Lot # 283 1991 Porsche 911 Carrera RS Coupe; S/N WP0ZZZ96ZNS490908; Red/Black, Gray leather; Estimate $153,706 – $197,622; Unrestored original, 3+ condition; With Reserve; Not sold at Hammer bid of $131,748. – 17-inch Cup wheels, Bridgestone tires, black calipers, racing bucket seats, Kenwood CD stereo. – Sold new in the Netherlands. Showing 67,749 believable km (42,097 miles). Large, gloppy touch up on the nose and the hood looks like it was cheaply repainted at some point. Otherwise decent paint. Fresh tires. Good interior, but both seats are flat and a little wrinkled. A Carrera RS actually used for its intended purpose, hard driving. – The 964 Carrera RS was like a road-legal version of the 911 Cup car and sold only in Europe. In the US they’re a much rarer sight and RM Sotheby’s even sold one in Amelia Island last year for $252,000, but the reported high bid here takes into account the car’s age and mileage as well as the location of the sale. It could have gone to a new home at this number.
Lot # 284 1995 Porsche 911 Carrera RS Coupe; S/N WP0ZZZ99ZTS390135; Red/Black, Gray; Estimate $252,517 – $329,370; Unrestored original, 3+ condition; With Reserve; Not sold at Hammer bid of $219,580. – 3.8/300hp, 6-speed, modular wheels, red calipers, Bridgestone tires, sport seats, air conditioning, power windows. – Sold new in Andorra (a microstate in the Pyrenees). One of only about 1,000 built. Showing 44,244 believable km (27,492 miles). Original paint with wear that corresponds with the mileage, plus numerous small stone chips on the nose, possibly from time on the track. The wheels are a little dirty. Light dirt and use in the engine bay. Tidy interior with wear that corresponds with the mileage as well. The rear bumper guard stickers are a little dull. A 993 Carrera RS that was actually used as intended, something of a rare sight among high-performance 911s at auctions like this. – The 993 Carrera RS over at RM Sotheby’s had higher mileage but presented a little bit better, and it appropriately got a higher but still unsuccessful high bid. It’s the never-driven, pampered examples of even track-oriented Porsches that command top dollar, while used ones like this seem bound to struggle.
Lot # 285 2006 Ferrari Superamerica Convertible; S/N ZFFGT61B000146669; Rosso Corsa/Tan leather; Estimate $241,538 – $329,370; Unrestored original, 2- condition; With Reserve; Hammered Sold at $233,304 plus commission of 15.00%; Final Price $268,299. – Handling GTC package, modular wheels, red calipers, Potenza tires, Daytona-style seats, Becker CD stereo. – Sold new in Spain and represented as a one-owner car with 26,843 km (16,679 miles). A few small chips on the nose. A few light scuffs on the driver’s seat outer bolster. Tidy but lightly used underneath. A lot of these got treated as collectible from new and were never driven. This one isn’t quite up to that standard, although it’s still a good car. – Reported sold at Bonhams Spa Classic auction in 2017 for $328,147 (Euros 255,000 at the time, the all-in result here is Euros 244,375.) It has added about 6,500km to the odometer since then while taking a lot off the value.
Lot # 286 1987 Alfa Romeo 75 Turbo Evoluzione Group A/IMSA; S/N 33275601AR026; Engine #;, /; Estimate $131,748 – $197,622; Competition car, original as-raced, 4+ condition; With Reserve; Not sold at Hammer bid of $98,811. – 1,779cc/155hp turbocharged inline 4-cylinder, Technomagnesio alloy centerlock wheels, Brembo brakes, Plexiglas side windows, Sparco seat, Alcantara rim Momo steering wheel, Yokohama tires, remote reservoir shocks. – Race used, beat up old repaint. Dirty wheels. Worn and raced hard, first by Bob van der Sluis in both FIA Group A and enhanced performance IMSA specs. Not raced actively since 2005 aside from a run at the Vernasca Silver Flag hill climb in 2016 and with a stern warning in the catalog about requiring “a thorough check of the mechanicals”. – A true factory Alfa Corse built Alfa 75 with turbocharged engine and all manner of race car tweaks. Although it has run at Zandvoort, Zolder, Spa and the Nürburgring, no racing laurels are noted for it and the offer here is more than appropriate considering all the work it will need to return to its intended purpose.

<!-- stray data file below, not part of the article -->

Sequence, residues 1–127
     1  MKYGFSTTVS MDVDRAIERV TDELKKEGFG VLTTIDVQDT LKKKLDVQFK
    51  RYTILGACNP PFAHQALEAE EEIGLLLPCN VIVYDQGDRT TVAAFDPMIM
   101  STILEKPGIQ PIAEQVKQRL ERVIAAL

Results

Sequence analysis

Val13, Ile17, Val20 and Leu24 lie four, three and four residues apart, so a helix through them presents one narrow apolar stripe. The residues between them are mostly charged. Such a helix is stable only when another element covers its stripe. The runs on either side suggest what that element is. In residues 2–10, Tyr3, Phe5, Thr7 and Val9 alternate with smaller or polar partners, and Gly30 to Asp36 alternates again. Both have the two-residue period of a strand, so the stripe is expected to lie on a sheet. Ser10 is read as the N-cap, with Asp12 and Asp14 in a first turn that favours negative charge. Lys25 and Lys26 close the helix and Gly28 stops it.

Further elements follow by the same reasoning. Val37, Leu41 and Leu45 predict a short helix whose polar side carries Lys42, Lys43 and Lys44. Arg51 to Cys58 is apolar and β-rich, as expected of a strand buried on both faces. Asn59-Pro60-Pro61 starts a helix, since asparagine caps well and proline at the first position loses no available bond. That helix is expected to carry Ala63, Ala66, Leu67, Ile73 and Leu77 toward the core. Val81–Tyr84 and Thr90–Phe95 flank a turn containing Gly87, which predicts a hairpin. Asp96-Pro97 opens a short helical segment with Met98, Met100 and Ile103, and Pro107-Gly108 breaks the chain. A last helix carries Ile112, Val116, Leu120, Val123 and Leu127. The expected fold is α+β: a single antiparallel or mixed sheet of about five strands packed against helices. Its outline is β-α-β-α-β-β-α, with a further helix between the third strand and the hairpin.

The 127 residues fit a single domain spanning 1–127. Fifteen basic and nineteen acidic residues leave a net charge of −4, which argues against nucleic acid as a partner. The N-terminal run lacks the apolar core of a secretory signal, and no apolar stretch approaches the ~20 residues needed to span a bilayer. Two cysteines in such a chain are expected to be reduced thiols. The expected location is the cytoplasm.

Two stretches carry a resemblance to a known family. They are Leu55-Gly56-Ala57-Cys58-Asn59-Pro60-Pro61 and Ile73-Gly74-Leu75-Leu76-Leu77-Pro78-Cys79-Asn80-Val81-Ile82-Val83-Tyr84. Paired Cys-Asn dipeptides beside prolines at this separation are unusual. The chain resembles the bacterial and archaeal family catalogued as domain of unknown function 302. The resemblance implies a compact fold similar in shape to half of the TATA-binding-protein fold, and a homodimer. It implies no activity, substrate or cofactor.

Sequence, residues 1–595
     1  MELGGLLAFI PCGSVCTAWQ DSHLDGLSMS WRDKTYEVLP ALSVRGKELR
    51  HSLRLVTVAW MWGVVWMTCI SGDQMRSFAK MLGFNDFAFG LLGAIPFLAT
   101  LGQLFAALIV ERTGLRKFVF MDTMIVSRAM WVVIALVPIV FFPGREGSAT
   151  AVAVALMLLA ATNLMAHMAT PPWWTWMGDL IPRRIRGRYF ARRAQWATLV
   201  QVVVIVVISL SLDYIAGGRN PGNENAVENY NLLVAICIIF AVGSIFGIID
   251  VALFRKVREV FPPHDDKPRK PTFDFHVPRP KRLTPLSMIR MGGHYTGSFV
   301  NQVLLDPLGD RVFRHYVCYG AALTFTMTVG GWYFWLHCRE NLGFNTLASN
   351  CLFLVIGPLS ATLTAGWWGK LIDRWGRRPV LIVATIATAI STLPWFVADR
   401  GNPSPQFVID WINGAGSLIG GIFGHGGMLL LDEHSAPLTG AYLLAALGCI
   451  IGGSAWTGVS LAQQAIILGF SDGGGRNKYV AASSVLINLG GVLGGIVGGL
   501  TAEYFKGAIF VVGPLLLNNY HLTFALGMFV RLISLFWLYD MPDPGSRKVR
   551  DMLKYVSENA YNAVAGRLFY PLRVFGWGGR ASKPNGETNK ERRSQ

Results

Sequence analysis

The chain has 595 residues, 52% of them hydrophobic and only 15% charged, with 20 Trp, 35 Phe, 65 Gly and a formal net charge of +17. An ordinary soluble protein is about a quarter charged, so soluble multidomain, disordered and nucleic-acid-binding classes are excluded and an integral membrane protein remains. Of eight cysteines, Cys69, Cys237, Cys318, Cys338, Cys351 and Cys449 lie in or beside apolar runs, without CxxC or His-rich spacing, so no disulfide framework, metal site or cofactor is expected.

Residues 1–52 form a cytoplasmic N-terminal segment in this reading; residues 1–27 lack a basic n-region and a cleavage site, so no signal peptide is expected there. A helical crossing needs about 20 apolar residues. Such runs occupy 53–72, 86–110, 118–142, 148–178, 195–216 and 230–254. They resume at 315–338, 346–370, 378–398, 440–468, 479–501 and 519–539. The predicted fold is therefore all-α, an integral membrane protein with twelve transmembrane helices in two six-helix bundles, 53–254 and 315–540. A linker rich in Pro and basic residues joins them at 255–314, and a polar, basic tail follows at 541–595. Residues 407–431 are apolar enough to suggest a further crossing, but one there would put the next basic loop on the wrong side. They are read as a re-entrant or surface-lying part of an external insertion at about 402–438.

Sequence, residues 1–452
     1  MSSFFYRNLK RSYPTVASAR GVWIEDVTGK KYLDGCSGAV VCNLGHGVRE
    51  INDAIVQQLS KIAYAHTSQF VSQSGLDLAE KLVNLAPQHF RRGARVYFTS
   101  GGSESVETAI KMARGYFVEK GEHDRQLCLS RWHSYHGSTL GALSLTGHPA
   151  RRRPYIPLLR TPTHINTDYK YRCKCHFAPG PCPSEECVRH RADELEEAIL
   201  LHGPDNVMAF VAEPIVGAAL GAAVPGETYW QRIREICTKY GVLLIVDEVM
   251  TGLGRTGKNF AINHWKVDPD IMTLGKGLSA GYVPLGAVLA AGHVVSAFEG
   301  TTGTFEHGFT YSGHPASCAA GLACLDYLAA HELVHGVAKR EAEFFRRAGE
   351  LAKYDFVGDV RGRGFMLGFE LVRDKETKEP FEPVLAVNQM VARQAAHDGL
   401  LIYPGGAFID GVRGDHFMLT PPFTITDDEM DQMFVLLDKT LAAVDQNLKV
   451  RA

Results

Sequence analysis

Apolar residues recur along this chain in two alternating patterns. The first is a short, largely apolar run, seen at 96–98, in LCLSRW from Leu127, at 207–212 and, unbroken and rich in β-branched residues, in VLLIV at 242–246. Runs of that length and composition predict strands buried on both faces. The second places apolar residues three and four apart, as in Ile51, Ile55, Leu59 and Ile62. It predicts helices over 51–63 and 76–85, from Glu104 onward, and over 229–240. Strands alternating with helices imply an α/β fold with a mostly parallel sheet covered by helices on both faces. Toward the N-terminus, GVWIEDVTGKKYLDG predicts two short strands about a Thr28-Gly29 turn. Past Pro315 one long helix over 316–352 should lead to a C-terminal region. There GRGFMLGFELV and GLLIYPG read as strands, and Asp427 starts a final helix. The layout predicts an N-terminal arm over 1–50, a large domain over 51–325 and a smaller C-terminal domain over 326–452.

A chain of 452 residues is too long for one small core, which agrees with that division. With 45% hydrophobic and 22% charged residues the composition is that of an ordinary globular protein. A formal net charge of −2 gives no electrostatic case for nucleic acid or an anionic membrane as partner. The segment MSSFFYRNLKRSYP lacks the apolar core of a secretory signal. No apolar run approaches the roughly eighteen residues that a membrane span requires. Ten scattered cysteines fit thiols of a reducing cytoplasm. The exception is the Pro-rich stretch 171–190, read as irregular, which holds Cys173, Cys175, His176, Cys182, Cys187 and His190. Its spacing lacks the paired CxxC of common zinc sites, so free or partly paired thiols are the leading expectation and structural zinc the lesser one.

Lot # 287 2008 Toyota TF108 Formula 1; S/N TF10805; White, Red/Black; Estimate $65,874 – $87,832; Competition car, original as-raced, 3 condition; With Reserve; Hammered Sold at $79,049 plus commission of 15.00%; Final Price $90,906. – No engine. Bridgestone tires, wheel discs, carbon fiber suspension. – Ex-Timo Glock and Jarno Trulli. A display car with good cosmetics. – Expensive garage art and probably destined for a main Toyota dealer somewhere.
Lot # 297 1993 BMW 850CSi Coupe; S/N WBSEG91020CC00537; Blue/White leather; Estimate $71,364 – $93,322; Unrestored original, 2- condition; With Reserve; Not sold at Hammer bid of $60,385. – 5576cc/372hp V12, 6-speed, alloy wheels, Michelin tires, sunroof, 6-speed, cassette stereo, power windows, air conditioning. – Represented with 102,114 km (63,451 miles) and a service history. Two large chips in the clear coat on the nose and two small cracks in the hood, but otherwise good original paint. Clean wheels. Some dirt on the underbody and in the engine bay. Very good interior. Used, but lightly used. The colors are great and it’s top spec. – A proper M8 never made it past the prototype stage, so the 850 CSi is the closest thing we got to an all-out performance 8-Series. But with stiffer suspension, a lower ride height, tighter steering, four-wheel steering and 50 more horsepower than the regular 850, it’s still a serious car, and BMW built just 1,510 of them. It’s also worth significantly more than a regular 850. A couple have sold at auction for in the neighborhood of $200,000, but they were both low-mile collector-grade examples whereas this is a used car that will be expensive to maintain. The bidders kept money in reserve for just that purpose.